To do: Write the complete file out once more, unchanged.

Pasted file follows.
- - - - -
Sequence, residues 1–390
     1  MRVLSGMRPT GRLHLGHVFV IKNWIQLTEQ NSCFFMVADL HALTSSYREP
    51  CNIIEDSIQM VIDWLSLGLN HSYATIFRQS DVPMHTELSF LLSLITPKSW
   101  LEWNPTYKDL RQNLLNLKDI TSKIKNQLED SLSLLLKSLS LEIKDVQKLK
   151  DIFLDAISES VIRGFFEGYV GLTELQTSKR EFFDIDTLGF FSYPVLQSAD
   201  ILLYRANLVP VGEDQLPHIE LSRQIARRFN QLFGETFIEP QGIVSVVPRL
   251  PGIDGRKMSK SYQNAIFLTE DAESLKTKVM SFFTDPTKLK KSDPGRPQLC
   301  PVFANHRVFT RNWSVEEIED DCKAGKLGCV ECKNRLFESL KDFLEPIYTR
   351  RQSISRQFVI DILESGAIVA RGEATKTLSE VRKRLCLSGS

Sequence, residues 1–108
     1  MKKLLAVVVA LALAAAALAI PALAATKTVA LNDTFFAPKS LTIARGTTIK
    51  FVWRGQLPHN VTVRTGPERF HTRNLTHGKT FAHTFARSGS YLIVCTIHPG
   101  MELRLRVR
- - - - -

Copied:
Sequence, residues 1–390
     1  MRVLSGMRPT GRLHLGHVFV IKNWIQLTEQ NSCFFMVADL HALTSSYREP
    51  CNIIEDSIQM VIDWLSLGLN HSYATIFRQS DVPMHTELSF LLSLITPKSW
   101  LEWNPTYKDL RQNLLNLKDI TSKIKNQLED SLSLLLKSLS LEIKDVQKLK
   151  DIFLDAISES VIRGFFEGYV GLTELQTSKR EFFDIDTLGF FSYPVLQSAD
   201  ILLYRANLVP VGEDQLPHIE LSRQIARRFN QLFGETFIEP QGIVSVVPRL
   251  PGIDGRKMSK SYQNAIFLTE DAESLKTKVM SFFTDPTKLK KSDPGRPQLC
   301  PVFANHRVFT RNWSVEEIED DCKAGKLGCV ECKNRLFESL KDFLEPIYTR
   351  RQSISRQFVI DILESGAIVA RGEATKTLSE VRKRLCLSGS

Sequence, residues 1–108
     1  MKKLLAVVVA LALAAAALAI PALAATKTVA LNDTFFAPKS LTIARGTTIK
    51  FVWRGQLPHN VTVRTGPERF HTRNLTHGKT FAHTFARSGS YLIVCTIHPG
   101  MELRLRVR